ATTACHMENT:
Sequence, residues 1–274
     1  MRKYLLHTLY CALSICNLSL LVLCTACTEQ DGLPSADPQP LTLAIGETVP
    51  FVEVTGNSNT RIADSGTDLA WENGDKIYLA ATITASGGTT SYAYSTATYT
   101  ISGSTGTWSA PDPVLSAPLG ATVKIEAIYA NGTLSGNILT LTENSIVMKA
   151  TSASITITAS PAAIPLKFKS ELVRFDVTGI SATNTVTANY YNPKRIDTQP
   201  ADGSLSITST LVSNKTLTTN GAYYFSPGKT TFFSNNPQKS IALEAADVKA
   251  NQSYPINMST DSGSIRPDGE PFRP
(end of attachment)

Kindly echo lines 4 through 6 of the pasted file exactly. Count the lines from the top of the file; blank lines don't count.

   101  ISGSTGTWSA PDPVLSAPLG ATVKIEAIYA NGTLSGNILT LTENSIVMKA
   151  TSASITITAS PAAIPLKFKS ELVRFDVTGI SATNTVTANY YNPKRIDTQP
   201  ADGSLSITST LVSNKTLTTN GAYYFSPGKT TFFSNNPQKS IALEAADVKA